Julian Meredith


I transfer images from large planks of wood, I also transfer images directly from objects which are found in the landscape in which I work… deer, feathers, fish etc. A proportion of my work is constructed or drawn on the landscape – fish, cetaceans and more ambiguous images, hundreds of feet long, some permanent and some drawn in sand and snow, often with a large rake.

I have always had a deep respect for people who live and work in close connection with the natural world. My own work is an extension of my practical knowledge of aspects of the wild. For years I drew flowers, but it wasn’t until I started keeping bees that I began to understand them.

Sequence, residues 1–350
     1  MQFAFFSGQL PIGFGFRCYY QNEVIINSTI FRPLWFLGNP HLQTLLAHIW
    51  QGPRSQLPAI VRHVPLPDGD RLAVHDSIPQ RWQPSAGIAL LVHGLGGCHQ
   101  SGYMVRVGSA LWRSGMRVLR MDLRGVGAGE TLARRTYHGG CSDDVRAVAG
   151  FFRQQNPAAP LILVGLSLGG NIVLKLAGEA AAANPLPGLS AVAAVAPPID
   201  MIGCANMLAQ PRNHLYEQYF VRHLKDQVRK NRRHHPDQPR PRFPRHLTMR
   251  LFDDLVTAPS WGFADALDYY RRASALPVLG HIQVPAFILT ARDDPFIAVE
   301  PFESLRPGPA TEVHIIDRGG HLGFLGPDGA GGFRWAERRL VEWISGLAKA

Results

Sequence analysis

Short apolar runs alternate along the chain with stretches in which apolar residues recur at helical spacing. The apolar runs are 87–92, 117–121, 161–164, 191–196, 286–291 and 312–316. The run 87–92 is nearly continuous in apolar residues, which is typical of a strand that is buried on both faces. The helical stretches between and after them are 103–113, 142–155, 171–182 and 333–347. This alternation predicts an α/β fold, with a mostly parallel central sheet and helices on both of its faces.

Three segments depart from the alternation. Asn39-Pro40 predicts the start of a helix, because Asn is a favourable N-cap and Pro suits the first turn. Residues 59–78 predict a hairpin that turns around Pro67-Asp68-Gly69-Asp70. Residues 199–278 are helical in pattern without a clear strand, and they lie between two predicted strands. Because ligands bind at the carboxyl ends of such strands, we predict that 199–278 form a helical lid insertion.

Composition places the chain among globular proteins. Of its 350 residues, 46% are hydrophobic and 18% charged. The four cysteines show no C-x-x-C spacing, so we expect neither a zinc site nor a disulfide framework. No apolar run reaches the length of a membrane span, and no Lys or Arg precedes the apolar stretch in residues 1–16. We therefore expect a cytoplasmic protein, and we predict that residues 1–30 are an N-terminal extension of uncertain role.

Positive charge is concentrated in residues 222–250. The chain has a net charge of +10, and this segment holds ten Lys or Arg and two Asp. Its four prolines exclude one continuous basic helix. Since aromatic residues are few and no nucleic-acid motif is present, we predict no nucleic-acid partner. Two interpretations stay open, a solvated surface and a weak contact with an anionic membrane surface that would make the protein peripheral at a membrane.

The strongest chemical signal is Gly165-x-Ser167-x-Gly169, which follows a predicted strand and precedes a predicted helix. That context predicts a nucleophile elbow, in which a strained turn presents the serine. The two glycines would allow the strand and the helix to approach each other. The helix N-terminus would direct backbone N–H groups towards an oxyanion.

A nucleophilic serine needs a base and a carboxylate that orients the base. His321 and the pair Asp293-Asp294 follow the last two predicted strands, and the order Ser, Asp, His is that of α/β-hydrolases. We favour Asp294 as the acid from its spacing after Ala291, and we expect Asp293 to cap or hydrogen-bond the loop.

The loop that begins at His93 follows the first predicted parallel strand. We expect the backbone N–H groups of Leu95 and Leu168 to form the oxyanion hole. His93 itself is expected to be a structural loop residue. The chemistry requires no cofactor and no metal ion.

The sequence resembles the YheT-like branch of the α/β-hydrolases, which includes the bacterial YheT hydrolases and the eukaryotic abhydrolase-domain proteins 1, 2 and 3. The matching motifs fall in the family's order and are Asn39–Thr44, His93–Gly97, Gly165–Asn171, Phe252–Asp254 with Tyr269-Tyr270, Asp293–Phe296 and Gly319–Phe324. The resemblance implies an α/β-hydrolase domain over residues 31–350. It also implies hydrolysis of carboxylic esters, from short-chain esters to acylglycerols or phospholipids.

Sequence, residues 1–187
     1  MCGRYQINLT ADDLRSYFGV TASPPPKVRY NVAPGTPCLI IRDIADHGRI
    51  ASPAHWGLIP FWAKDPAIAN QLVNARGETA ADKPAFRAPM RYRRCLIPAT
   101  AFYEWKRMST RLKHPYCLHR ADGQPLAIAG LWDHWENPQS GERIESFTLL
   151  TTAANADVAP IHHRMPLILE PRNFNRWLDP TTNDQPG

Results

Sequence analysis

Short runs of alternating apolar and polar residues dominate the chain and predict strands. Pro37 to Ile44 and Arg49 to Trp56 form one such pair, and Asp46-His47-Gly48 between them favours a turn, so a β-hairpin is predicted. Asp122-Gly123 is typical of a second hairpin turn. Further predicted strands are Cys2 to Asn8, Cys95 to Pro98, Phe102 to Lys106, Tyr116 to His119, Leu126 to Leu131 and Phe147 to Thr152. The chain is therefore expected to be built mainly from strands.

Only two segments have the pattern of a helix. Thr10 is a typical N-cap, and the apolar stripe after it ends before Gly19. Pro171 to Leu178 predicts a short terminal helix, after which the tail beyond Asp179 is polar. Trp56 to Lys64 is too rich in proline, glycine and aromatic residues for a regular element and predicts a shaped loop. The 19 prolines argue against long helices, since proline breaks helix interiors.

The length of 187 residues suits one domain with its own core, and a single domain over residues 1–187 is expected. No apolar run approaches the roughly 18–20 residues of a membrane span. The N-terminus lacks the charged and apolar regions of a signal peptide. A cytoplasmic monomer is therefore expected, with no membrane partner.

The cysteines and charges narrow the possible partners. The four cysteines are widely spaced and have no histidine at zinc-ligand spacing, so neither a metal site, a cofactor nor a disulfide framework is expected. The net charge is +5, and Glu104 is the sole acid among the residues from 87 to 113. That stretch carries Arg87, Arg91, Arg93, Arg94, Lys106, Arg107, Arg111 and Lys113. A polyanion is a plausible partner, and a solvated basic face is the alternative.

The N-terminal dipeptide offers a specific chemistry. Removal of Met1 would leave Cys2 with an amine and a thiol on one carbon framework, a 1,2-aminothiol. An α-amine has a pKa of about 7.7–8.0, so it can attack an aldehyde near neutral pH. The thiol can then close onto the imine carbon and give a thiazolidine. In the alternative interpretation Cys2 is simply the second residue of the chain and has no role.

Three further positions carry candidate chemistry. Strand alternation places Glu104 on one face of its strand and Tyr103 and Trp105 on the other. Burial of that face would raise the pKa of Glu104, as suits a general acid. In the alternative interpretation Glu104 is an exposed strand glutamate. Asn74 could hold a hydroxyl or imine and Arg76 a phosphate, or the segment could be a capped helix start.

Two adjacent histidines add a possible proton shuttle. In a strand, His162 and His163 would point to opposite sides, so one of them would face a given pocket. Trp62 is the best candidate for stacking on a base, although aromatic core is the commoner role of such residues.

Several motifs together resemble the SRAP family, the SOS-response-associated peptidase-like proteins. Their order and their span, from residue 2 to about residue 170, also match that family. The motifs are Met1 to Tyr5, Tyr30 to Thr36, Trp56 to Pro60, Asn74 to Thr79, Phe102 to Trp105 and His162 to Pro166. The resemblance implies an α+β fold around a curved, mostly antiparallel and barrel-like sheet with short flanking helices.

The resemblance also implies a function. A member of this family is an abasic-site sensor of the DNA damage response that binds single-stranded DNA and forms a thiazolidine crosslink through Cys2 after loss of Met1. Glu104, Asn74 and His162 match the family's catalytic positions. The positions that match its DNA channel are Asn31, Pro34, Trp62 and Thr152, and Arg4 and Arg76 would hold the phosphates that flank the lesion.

I gathered branches from dead elms and began making constructions, twenty feet or so across, and increasingly large prints. The printmaking process impregnates the wood with pigment and paraffin, giving it an almost fossil-like quality.

The prints that I take from the blocks have a light, airy quality, the opposite to the nature of the wood itself. As the printed paper comes up off the block it’s a bit like the spirit of the fossilized wood.

The use of the blue colour also helps transform the earthiness of the wood, via the flow of the grain, into something more akin to water and air. Fish images are somehow hard-wired into my brain – they are genetically imprinted.